Historical fiction for middle grade and young adults
Sandy Bay, Massachusetts was the site of one of the wildest invasions in U.S. history, when the might of the British Empire came up against hard-headed New England townsfolk. Based on eye-witness accounts of actual events, this book recounts—through the eyes of twelve-year-old Lemuel Brooks—of what happened on the night when the British put too much gunpowder in one of their cannons.
- Chosen as one of ALAN’s PICKS (American Library Association)
- Nominated for the New York State Reading Association’s 2010 CHARLOTTE AWARD
- Listed on the prestigious Boston Authors’ Club List of Highly Recommended Books
- Selected for the Pennsylvania School Librarians’ Association’s List of Best Books
- Used in many classrooms as an educational tool and a way to excite students about history. See Teacher’s Guide
“Sanchez has taken a small piece of history from the War of 1812 and created a great tale of adventure and heroism.”
–ALAN’s picks September 2008 (American Library Association)
“A lively third-person account of a little-known event, with believable dialogue and plenty of detail about daily life that should be welcomed by readers of the genre.”
“Readers need no background in the War of 1812 to recognize the threat presented by a large warship approaching a small town or to understand the fears and hopes that drive Lemuel’s choices, both good and bad. Clearly Sanchez has researched the period well, but the history never overwhelms the narrative. Instead, details of daily life make the story more believable. In a very readable nine-page afterword, Sanchez separates truth from fiction and discusses the novel’s historical background as well as her research. A source bibliography is appended. History buffs will enjoy reading a war story that is so well grounded in actual events.”
An Interview with the Author:
How did you become interested in writing for children? What advice would you give to aspiring authors?
Actually, I never planned to write especially for children, I just write. But I like to use words that are short but strong and say exactly what I mean. And I like to get to the point without beating around the bush, so I tend to write short. And so I guess I’m a children’s writer, but I didn’t plan on it.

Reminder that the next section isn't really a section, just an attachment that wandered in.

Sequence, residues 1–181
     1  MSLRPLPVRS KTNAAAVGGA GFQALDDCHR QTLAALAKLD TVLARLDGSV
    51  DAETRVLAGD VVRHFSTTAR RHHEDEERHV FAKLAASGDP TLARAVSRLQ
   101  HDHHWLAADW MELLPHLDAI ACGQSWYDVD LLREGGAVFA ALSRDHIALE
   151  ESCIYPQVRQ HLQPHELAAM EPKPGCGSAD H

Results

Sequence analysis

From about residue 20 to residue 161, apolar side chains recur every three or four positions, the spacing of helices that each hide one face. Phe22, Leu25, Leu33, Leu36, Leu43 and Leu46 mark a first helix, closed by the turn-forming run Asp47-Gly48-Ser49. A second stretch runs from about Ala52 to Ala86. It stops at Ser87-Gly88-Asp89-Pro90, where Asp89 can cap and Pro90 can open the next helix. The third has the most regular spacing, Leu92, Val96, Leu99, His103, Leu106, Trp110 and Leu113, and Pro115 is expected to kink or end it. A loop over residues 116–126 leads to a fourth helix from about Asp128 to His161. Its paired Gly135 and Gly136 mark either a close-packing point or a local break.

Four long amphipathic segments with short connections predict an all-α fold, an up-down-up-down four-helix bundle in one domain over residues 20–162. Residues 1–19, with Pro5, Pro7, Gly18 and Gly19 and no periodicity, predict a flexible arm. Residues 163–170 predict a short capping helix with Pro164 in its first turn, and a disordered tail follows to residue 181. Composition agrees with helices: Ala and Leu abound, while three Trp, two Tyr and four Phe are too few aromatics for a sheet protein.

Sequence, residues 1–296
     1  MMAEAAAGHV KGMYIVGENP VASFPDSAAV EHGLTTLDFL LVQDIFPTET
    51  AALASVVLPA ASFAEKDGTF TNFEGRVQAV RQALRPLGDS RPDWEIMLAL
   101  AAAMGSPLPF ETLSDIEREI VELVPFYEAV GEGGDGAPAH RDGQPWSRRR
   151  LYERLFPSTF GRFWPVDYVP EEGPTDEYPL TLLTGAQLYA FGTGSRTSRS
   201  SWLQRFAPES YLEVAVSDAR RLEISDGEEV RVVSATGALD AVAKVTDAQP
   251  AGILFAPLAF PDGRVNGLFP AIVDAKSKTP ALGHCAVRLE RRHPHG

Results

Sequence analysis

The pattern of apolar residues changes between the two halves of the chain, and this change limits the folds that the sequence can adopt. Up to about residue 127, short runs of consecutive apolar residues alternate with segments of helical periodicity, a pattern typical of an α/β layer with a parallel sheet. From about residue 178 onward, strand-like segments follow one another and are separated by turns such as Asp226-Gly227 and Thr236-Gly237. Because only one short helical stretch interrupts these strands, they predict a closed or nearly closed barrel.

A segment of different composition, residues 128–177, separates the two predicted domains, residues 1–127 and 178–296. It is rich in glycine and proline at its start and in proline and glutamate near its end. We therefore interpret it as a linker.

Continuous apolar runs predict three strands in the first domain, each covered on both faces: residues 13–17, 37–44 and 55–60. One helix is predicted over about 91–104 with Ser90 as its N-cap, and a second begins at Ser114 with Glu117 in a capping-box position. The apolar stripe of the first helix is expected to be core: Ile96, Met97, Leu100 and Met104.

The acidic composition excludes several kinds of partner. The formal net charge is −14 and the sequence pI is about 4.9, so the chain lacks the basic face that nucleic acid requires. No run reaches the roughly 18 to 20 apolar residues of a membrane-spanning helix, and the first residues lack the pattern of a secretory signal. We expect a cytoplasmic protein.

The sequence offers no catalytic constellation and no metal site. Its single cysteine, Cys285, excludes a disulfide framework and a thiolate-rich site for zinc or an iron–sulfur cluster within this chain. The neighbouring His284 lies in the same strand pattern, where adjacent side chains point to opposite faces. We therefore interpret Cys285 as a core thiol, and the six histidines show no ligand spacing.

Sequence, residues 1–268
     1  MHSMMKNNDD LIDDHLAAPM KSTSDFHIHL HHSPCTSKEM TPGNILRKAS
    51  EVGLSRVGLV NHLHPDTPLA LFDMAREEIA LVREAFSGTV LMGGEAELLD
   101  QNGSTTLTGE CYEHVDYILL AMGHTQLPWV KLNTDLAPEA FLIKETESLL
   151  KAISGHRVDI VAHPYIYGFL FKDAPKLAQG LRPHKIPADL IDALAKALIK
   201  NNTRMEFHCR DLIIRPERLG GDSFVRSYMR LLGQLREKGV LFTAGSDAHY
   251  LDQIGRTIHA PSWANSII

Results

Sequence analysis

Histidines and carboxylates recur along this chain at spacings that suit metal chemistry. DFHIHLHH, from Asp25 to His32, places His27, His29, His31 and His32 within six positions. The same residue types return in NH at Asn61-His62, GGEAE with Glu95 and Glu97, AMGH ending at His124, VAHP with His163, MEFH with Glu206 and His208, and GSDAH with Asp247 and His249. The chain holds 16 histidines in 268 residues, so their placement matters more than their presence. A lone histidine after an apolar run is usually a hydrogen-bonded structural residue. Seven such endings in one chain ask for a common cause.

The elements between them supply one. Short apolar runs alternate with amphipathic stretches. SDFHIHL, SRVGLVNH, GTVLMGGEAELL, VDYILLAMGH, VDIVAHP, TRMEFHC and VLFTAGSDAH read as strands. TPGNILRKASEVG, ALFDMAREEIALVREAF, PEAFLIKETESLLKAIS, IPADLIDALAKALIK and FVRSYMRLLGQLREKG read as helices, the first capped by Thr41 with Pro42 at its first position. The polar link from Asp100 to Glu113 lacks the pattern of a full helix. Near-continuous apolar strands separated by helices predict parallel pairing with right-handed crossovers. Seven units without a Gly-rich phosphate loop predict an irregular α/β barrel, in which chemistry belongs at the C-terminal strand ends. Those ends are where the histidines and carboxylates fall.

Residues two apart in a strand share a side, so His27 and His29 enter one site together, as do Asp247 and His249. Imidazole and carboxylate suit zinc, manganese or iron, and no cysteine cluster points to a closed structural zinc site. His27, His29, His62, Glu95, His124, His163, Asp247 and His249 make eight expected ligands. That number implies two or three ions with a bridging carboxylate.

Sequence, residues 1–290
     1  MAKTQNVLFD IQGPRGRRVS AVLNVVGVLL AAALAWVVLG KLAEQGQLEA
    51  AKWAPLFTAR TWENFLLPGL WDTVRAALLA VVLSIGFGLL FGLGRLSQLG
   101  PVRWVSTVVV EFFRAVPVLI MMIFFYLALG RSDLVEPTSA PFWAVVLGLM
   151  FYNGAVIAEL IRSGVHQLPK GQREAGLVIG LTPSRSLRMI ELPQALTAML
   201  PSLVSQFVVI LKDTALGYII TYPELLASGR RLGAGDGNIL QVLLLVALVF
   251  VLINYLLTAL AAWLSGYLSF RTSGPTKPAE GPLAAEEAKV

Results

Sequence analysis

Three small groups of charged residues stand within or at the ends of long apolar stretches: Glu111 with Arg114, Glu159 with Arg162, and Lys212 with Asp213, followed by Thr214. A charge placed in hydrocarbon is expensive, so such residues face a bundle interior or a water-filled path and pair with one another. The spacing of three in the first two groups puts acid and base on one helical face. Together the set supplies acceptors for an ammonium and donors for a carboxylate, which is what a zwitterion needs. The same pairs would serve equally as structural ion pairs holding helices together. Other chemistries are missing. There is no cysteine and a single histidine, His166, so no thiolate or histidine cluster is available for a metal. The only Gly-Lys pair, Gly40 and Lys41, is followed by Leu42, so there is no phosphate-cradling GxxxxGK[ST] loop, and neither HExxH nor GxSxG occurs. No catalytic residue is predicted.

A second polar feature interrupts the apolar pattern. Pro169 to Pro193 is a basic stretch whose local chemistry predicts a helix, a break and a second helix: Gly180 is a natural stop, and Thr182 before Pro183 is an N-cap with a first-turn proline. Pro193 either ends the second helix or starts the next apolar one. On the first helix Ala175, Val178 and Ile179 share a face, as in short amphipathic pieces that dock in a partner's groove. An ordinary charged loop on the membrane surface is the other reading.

For advice to aspiring authors, I would quote Winston Churchill, who also got right to the point. He said “Never give in. Never, never, never, never.” I started work on Sandy Bay in 1999, so it took nine years of revisions, rewrites and rejections to finally see it in print.
Tell me about this book. How did you come up with this idea?
When I was a little girl, we lived on Cape Ann, a chunk of granite on the Massachusetts seacoast. In this little town there was a church—a beautiful old New England-y church—with a cannonball lodged in the steeple. People said it was from when the British fired a cannon at the town in a war, long ago, but no one knew anything more about it. When I grew up I just had to find out more about that mystery, and that story turned out to be The Invasion of Sandy Bay.
Do you have any favorite authors or books?
So many! But my all-time favorite is a British author named Mary Renault. She took ancient Greek myths, like Theseus and the Minotaur, and searched for what really might have happened to create the myth. Was Theseus a mythical hero who fought a giant, or a real person with fears and problems like us–even though he happened to live four thousand years ago? Her book The King Must Die shows the magic of time-travel that is good historical fiction.
What inspires you in your writing?
I love to read about people who write, fictional or nonfictional. Like in Little Women where Jo goes up to the attic and writes these crazy imaginative stories, then locks her scribbled pages up in a tin box and has a game of tag with Scrabbble, her pet rat. When I get stuck, I read about someone else writing, and that gets me going again.
What question have you always wanted to be asked in an interview? How would you answer it?
People often ask, “What’s the book about?” And I tell them it’s a true story of a long-forgotten incident in history when the British invaded this little town and the Redcoats came face to face with the New England fishermen—and enemies found themselves working together instead of fighting each other.
But no one ever asks: “What’s the book really all about?” It’s about the fact that the real enemy is not always who you think it is. And that friends can be found when you least expect it.
Questions from readers, and the background to Sandy Bay’s true story: http://charlotteaward.wordpress.com/2009/06/22/anita-sanchez-interview
An excerpt from the book:
“Stow your gab!” Bill ordered. Lemuel shot the old fisherman a resentful glance as he lowered the hook for what seemed to be miles, till Bill finally grunted. Silence fell, broken only by the murmur of the breakers on Bearskin Neck, and a faint hiss as Bill sucked on his pipe, making the embers glow.
The boat rocked in a monotonous rhythm, and Lemuel sat trying not to think about his cold wet feet, while Bill pulled in fish after fish. Soon a there was a twitching pile of cod around their ankles, moonlight glinting on the bronze and silver scales.